The federal government has commissioned independent reviews of key online safety legislation, communications minister Senator Mitch Fifield announced today.
One review will focus on the Office of the eSafety Commissioner.
The government in 2015 established the Office of the Children’s eSafety Commissioner. The remit of the office was initially expanded in December 2015 and then in 2017 the government introduced legislation to transform it into the Office of the eSafety Commissioner.
The increased responsibilities of the commissioner include addressing the non-consensual sharing of intimate images (‘revenge porn’).
In January 2017 Julie Inman-Grant was appointed to a five-year term as commissioner.
In addition to working to promote online safety, the office administers the ‘rapid removal’ scheme for social media services and the end-user notice regime, which are initiatives to tackle cyber bullying.
The second review will focus on the Online Content Scheme, established by Schedule 5 and 7 of the Broadcasting Services Act 1992.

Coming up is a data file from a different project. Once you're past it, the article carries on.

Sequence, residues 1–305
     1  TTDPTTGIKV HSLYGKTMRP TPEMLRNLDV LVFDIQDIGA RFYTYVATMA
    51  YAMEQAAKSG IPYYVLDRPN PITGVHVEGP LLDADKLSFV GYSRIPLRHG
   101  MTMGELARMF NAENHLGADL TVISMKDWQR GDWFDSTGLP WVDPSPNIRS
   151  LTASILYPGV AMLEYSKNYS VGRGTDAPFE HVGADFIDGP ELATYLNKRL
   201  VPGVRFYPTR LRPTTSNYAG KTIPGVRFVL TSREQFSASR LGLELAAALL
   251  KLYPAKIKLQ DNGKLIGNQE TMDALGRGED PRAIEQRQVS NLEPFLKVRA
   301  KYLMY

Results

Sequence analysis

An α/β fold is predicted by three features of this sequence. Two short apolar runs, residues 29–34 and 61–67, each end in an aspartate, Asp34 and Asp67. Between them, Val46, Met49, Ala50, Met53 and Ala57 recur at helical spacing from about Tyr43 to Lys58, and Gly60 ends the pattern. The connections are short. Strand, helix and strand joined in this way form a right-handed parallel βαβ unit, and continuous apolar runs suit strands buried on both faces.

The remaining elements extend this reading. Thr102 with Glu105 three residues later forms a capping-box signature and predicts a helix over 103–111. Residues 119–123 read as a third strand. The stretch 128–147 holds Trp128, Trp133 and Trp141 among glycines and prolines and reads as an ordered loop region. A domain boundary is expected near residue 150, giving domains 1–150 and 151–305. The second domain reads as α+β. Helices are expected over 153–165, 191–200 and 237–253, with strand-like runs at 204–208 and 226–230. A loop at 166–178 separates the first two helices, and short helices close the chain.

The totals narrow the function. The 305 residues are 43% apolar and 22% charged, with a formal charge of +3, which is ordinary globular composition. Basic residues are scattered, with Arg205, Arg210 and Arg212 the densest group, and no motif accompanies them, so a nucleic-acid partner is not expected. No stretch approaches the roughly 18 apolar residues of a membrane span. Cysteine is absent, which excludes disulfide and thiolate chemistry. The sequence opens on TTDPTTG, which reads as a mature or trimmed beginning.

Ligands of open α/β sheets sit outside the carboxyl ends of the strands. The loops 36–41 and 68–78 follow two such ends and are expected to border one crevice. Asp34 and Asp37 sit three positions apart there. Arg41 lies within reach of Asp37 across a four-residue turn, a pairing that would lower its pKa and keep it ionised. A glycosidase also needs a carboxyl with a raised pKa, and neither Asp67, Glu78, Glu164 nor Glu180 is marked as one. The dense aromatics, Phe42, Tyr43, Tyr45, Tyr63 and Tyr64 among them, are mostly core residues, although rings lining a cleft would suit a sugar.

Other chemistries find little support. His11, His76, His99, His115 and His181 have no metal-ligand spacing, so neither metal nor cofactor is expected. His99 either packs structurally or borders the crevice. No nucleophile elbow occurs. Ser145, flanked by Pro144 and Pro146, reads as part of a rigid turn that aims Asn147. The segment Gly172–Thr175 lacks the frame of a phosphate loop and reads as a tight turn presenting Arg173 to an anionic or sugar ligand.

The scheme is a complaints-based mechanism for taking down Australian-hosted content that is RC (refused classification) or rated X18+, rated R18+ (unless it is subject to a “restricted access system”), or rated MA15+ and provided on a commercial basis unless it is subject to a restricted access system.
(For content hosted outside Australia, the eSafety Commissioner can notify filtering software vendors of the content so it can be added to their block lists.)
Both reviews will be conducted by Lynelle Briggs.
“The reviews will ensure we continue to have the right controls and support systems in place to protect Australians against harmful online content and ensure people can confidently participate in the online environment,” Fifield said in a statement.
“We are focused on ensuring we have the right measures in place to address illegal or offensive content, and that the Office of the eSafety Commissioner has the appropriate powers to help Australians if and when they need it.”